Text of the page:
Friction at the nanoscale

People involved: Juan J. Mazo and Pedro J. MartĂ­nez

Collaborations: Enrico Gnecco (Friedrich-Schiller-University Jena), Guilherme Vilhena (U. Basel)

Nanotribology is science that studies adhesion, friction, wear, and lubrication phenomena at small scales. The understanding of friction at nanoscale is a current important problem from both a fundamental and a technological perspective in wide ranges of length and time scales. On the one hand the understanding of friction at nanoscale is fundamental for the manipulation of nanoparticles and the miniaturization of moving devices as nano-electromechanical systems (NEMS), for instance. On the other hand friction is a complex nonlinear phenomenon of fundamental interest in many scientific areas. The development of new experimental techniques such as the force friction microscope and the surface force apparatus, experimental and theoretical studies of friction at the atomic scale have received a significant attention. Despite to the recent progress achieved in the last decades many of the fundamental problems in the field remain without answer it. In fact, we can say the more learn about friction, the more complex it seem. For instance, there not exists a theory to explain the most basic equation of friction, the Amontons’s law that describes phenomena known by Leonardo da Vinci 500 year ago: The lateral force of friction is proportional to the applied load.

In general, we are interesting to study frictional phenomena at atomic scale by using nonlinear dynamics models like the well-known Prandtl-Tomlinson (PT) and numeric simulation. In this level of approximation, a tip of Atomic Force Microscopy (AFM) that is dragged over a surface in a typical nanotribology experimental setup is modeled as a point mass connect by a spring to a mobile support with constant velocity. This kind of approximation allows us to analyze the main properties of the system (the Force velocity and temperature curve, for instance) by including the most relevant degree of freedom (minimalistic model). This way to analyze the problem has shown describes many of the experimental results (for instance, stick-slip phenomenon which is believed to be the main mechanism of dissipation at atomic scale) and predicts new interesting outcome.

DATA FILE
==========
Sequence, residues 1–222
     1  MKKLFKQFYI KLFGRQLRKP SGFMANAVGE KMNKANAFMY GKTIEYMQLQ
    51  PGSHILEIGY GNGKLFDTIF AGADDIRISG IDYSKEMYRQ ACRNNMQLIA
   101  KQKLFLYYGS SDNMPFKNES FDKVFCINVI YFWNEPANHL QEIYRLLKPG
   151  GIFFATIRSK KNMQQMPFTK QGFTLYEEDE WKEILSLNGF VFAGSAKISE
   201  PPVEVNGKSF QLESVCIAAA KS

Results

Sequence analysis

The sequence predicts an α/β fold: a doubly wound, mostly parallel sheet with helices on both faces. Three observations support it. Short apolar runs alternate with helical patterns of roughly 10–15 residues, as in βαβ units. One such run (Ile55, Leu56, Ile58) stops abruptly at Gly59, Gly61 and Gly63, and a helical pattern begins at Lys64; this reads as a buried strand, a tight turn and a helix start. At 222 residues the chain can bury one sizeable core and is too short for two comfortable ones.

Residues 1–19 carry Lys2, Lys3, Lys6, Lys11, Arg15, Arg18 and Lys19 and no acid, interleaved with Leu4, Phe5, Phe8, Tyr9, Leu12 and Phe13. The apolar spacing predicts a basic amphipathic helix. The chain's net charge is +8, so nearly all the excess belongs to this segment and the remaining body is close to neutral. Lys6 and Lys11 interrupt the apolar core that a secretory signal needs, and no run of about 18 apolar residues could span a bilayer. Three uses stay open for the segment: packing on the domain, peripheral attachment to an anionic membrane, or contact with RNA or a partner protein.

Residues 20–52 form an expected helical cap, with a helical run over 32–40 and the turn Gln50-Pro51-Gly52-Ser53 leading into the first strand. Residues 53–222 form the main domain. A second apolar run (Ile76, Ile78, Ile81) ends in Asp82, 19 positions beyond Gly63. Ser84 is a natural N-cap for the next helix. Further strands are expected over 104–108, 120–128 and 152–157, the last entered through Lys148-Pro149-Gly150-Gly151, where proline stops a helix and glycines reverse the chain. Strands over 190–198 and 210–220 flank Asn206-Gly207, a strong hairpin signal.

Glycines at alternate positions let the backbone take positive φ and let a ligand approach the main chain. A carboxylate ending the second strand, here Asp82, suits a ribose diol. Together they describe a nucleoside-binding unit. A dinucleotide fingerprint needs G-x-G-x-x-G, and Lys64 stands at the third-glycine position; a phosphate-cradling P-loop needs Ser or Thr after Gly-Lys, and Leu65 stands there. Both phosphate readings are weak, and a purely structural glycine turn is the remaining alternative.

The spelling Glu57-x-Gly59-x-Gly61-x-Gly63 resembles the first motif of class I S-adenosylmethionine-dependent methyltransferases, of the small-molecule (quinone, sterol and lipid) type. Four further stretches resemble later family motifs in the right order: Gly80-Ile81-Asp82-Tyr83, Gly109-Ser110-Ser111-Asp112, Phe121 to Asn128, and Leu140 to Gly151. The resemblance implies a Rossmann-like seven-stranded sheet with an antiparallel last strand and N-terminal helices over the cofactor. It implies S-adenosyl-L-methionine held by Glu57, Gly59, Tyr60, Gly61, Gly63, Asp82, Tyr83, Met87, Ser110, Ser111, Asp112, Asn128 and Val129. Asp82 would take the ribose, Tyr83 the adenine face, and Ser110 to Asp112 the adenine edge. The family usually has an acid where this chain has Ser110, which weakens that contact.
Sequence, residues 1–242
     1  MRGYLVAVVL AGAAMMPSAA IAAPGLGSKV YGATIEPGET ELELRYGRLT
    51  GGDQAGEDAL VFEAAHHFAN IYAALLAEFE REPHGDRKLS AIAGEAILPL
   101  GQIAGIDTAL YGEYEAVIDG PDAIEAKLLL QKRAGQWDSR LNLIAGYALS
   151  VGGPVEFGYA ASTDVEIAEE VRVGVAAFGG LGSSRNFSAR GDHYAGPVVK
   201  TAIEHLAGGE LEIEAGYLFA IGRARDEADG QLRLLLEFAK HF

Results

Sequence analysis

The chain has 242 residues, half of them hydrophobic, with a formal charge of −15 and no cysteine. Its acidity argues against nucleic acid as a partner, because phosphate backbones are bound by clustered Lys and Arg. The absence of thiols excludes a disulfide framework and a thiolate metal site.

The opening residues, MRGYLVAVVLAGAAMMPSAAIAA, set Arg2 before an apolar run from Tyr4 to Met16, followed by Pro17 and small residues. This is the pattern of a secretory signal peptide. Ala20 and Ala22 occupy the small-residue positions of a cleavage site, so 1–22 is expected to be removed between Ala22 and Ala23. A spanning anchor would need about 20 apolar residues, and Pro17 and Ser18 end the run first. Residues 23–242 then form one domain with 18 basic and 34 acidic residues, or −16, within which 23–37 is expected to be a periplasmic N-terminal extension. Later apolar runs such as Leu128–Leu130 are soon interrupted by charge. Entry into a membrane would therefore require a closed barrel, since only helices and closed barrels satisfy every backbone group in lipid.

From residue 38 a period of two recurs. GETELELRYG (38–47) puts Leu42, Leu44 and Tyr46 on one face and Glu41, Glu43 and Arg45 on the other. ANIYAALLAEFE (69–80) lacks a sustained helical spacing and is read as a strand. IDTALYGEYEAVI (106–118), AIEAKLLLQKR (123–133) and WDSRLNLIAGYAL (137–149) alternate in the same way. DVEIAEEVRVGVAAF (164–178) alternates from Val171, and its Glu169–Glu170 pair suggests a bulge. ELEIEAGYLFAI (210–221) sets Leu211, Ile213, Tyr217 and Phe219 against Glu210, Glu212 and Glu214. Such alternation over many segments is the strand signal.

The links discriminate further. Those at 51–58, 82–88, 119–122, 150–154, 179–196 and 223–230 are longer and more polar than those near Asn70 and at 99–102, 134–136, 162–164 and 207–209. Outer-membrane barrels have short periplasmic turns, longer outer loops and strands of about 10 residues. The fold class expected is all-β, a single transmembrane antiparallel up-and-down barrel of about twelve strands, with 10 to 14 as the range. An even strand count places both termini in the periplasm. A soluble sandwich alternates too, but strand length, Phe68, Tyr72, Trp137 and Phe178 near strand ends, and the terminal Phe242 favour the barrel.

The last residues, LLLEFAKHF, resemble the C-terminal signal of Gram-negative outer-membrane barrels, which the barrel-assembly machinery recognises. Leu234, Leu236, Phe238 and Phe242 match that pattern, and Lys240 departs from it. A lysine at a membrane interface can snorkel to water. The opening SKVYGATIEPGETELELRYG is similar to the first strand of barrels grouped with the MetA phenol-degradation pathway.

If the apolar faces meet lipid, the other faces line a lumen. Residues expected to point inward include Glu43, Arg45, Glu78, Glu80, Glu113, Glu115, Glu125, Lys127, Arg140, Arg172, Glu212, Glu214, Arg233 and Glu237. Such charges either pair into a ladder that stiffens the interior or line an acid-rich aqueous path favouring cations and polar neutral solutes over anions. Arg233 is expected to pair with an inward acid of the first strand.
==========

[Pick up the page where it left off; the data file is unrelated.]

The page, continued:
Recent research includes:

  1. How tiny modification like small uncertainties or the presence of defects in the interaction effective potential affects the frictional behavior in the stick-slip regime.
  2. Anisotropy effects and temperature on atomic friction
  3. How the in- and out-plane actuation can modify the atomic friction.
  4. Ageing at the nanoscale
  5. Wear and pattern formation at the nanoscale